Emerging Christian Ethics
Part 1: Modern Approaches to Ethics
A major ethical system that sprang from modernity is what is called Utilitarianism. It is the ethic that says we can be good through accepting the motto (to use Steve Wilkins’ "bumper sticker"), “The Greatest Good for the Greatest Number.”
Utilitarianism grew in popularity in the 18th and 19th Centuries when science became the most important of all the academic disciplines. Western culture had bought into the idea that we can better society by means of science and reason; and we could determine that which is most beneficial to society by rational, objective, scientific means. Utilitarianism is the epitome of a modern era ethic.
In the pre-modern world, we looked to authority (the Church, the King) to tell us what the “moral good” was. In the modern world, we believed we could determine for ourselves what is good by way of Reason and scientific inquiry. We looked to measurable consequences in order to determine what is good. And the question “What is GOOD?” was answered as, “That which makes life better for the most number of people.” Or, “That which makes the most people live a pleasurable and happy life.”
Jeremy Bentham (1748-1832), was a British philosopher and jurist who introduced an ethic that could be measurable mathematically. He developed the “Hedonistic Calculus” in order to determine the amount of pleasure vs. the amount of pain that any given situation may have. Bentham wrote, “Nature has placed mankind under the governance of two sovereign masters: pain and pleasure. It is for them alone to point out what we ought to do.” Therefore, we know what is good based on maximizing pleasure, and minimizing pain, and we can scientifically determine this by measuring the consequences of our actions. This was modernism's ultimate ethical system: trust in science to create a mathematical formula for ethics.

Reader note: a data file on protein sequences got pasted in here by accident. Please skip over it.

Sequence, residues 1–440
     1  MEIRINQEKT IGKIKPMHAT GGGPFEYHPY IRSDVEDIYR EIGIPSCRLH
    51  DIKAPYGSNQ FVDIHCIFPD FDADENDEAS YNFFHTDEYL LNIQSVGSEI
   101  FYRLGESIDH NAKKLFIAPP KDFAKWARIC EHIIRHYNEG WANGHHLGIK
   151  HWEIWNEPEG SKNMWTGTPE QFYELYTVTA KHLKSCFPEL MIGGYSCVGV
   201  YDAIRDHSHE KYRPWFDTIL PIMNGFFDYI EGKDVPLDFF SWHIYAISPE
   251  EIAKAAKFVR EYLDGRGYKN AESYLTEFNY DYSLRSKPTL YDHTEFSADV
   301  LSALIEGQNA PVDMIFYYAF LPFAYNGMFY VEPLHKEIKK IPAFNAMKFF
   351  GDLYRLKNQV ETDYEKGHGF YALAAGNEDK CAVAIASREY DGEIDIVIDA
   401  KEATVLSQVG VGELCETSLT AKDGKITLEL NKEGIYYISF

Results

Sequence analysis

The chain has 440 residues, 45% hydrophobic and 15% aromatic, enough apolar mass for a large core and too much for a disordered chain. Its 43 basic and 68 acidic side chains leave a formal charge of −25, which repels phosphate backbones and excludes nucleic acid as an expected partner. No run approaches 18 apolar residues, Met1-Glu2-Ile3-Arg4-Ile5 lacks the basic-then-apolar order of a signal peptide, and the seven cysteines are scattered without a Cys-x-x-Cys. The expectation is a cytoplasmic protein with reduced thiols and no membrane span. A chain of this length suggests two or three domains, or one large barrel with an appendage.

A hedonistic approach to ethics (that bases our actions on the happiness for myself and others) is not foreign to Christian thought. Twenty years ago, John Piper wrote Desiring God: Meditations of a Christian Hedonist. Piper sees hedonism as a good thing, that God has created us to seek pleasure. He insists, like atheists Bentham and John Stuart Mill, that happiness is our ultimate telos (end) of mankind; the reason we do anything is because we seek pleasure in doing it—and that’s okay. Piper claims that this is the way God has wired us. But Piper makes this qualitative distinction: Ultimate happiness is found in God alone. The problem is not that we seek pleasure, but that we seek it in the wrong things—we wrongly seek pleasure in things that do not ultimately satisfy. Food, drink, vacations, money, worldly accolades—all these are fleeting pleasures. God has created us to seek pleasure, and the only pleasure that truly satisfies is God Himself. I first read Piper a decade ago, and his “Christian Hedonism” greatly shook the way I saw my personal Christianity—I truly resonated with it.
But now I’m wondering:
As helpful and biblical Piper’s view of the Christian life is, is it holistic enough? Though he has written many volumes explaining the implications of this theology in all aspects of life, I wonder that if we start with ME and my seeking pleasure in God, does this skew my ethic away from the love for others and my love for God’s Creation? Can we, indeed, become so heavenly minded that we can become less effective in our life on earth? Don’t get me wrong, Piper’s focus on the glory of God and our seeking pleasure in relationship with God is indeed a main focus in the Christian life, But Jesus Himself did not say that that was the only thing: When asked what the greatest commandment was, Jesus answered, Love God AND love others. Both.
Not that Piper denies this, but for those of us who seek to live a Christian hedonistic life, we tend to default into a hedonistic reductionism: The only ultimate happiness is found in loving God, experiencing God, becoming immersed in the pleasures of God and God alone.
When I hear that, I want to affirm it and say, “Yes, AND…” God has created us not only to be concerned with our own pleasure—even if our own pleasure in experiencing the pleasure of God. He has also created us to love others and be care-takers of his creation. The reality of doing these two latter things is very much filled with happiness, but it is also often filled with difficulty and heartache. So, we often default to simply wanting the glorious experience of God and God alone, and we forget that the life we live in the mundane day-to-day life here on earth is just as significant for humans created in the Image of God. (Again, Piper would hate it if we misunderstood his teaching to say this—but by default, many evangelicals [including myself] have fallen into this mode of operation).
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